Canon PowerShot G1 X Mark III Review

The Good. With a 24.2MP APS-C CMOS sensor outfitted in a sleek, ultra-lightweight compact body, the Canon PowerShot G1 X Mark III is a great little tool that gives you beautiful, crisp images and good quality videos. It features an image and video stabilizer, a DIGIC 7 image processor for quicker data handling, and a Dual Pixel CMOS AF for smooth and fairly quick autofocusing. The touchscreen LCD, as well as its several connectivity options, allows for maximum flexibility. It's also a very intuitive camera, with controls that are easy to figure out and use, even for beginners and novice photographers. Plus, it boasts a few extras including the panoramic sweep mode that lets you capture 67MP images and a weather-sealing feature.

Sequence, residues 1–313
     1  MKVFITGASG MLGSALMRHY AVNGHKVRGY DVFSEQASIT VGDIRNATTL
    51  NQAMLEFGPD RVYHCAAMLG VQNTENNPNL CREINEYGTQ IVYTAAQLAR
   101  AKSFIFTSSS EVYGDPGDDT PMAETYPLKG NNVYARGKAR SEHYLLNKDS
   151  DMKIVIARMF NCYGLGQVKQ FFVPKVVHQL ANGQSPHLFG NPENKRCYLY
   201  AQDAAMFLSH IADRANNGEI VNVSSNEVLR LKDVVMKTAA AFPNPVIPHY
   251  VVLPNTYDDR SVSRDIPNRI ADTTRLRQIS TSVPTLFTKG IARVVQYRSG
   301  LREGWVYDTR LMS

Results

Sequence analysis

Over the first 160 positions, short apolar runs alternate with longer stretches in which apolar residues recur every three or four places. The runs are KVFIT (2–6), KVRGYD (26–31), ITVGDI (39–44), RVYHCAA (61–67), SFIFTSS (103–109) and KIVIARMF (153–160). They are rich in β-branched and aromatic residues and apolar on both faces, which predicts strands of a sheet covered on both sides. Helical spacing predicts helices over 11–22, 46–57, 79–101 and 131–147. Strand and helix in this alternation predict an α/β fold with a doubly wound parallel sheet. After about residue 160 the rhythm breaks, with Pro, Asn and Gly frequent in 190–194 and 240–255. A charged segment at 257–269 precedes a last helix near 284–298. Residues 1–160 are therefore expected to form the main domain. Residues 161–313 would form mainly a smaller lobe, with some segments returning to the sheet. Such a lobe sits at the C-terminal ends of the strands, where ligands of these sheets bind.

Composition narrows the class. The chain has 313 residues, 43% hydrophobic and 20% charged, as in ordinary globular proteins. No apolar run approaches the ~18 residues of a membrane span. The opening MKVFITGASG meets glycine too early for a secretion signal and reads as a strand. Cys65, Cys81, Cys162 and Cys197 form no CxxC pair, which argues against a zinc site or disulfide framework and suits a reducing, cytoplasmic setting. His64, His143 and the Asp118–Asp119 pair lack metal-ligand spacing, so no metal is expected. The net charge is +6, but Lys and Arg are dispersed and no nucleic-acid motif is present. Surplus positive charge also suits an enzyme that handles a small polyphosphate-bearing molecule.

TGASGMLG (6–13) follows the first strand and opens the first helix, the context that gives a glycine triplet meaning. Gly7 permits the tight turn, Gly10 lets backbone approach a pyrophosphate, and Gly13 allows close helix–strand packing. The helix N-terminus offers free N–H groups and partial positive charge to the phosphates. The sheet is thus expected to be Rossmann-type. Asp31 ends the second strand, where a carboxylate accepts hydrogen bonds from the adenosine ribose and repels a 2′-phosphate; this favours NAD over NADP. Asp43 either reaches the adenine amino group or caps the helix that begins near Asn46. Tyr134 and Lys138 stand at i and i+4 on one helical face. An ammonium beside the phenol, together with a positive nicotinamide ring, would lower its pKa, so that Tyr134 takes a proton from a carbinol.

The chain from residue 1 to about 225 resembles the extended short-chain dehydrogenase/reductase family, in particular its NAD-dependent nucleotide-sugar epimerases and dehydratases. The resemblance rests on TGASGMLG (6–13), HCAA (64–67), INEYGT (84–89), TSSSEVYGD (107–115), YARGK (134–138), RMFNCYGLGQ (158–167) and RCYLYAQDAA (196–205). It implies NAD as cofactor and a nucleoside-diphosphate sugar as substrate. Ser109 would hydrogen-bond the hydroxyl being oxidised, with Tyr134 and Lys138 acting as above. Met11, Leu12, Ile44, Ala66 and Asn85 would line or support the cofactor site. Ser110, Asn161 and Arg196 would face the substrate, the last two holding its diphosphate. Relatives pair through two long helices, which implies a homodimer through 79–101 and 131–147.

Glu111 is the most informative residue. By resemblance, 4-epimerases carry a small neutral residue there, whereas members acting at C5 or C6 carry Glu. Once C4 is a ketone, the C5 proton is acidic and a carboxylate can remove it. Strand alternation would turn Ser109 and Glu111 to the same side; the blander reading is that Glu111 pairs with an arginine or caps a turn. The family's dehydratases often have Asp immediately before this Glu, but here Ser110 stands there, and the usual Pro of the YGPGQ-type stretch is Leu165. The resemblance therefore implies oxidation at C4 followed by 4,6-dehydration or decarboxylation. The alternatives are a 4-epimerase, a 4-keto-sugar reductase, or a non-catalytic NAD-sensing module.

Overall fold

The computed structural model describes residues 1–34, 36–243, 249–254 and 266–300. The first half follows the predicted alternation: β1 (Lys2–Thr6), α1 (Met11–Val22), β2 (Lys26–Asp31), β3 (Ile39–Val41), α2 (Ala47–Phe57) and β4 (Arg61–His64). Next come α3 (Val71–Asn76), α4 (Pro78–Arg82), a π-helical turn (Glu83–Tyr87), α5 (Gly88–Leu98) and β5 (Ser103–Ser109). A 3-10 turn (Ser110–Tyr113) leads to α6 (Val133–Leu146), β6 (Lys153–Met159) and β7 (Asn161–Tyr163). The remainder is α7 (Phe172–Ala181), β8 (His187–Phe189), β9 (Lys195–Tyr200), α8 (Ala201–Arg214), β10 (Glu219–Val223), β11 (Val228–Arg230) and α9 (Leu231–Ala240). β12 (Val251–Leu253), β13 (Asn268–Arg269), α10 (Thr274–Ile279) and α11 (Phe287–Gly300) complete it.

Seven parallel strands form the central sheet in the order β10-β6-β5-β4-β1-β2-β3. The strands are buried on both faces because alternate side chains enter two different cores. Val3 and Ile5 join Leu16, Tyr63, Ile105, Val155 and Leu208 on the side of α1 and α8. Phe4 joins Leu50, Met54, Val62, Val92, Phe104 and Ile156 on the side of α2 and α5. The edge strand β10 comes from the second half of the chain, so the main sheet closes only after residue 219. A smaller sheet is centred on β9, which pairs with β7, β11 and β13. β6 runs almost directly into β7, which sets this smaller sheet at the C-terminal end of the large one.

The Bad. Other than the fact that it costs more than you'd probably be willing to pay for a compact all-in-one, its aperture range of f/2.8 to f/5.6 and zoom range of 24-72mm are not impressive. The close-focusing distance is also limited at 10cm so forget macro shots. The battery life is disappointing. Lastly, 4K video capture is not an option.

The Bottom Line. It's definitely an intrepid attempt, putting a large sensor in a tiny body then outfitting it with a bunch of excellent features. If the G1 X Mark III was cheaper, it would probably be a great buy. But considering its limitations and the missing features, only invest if you've some got cash to spare.

Pick This Up If... you're a hobbyist looking for an ultralight camera, a vlogger, or a pro seeking to add a compact supplement to their main arsenal, and you've got deep pockets.


Every time a manufacturer releases a new camera, you wonder if it's worth all the hype. Especially because either new releases are seldom worth the hype or in Canon's case, they give you one new feature, take away some obvious ones and expect you to pay lots of money for it.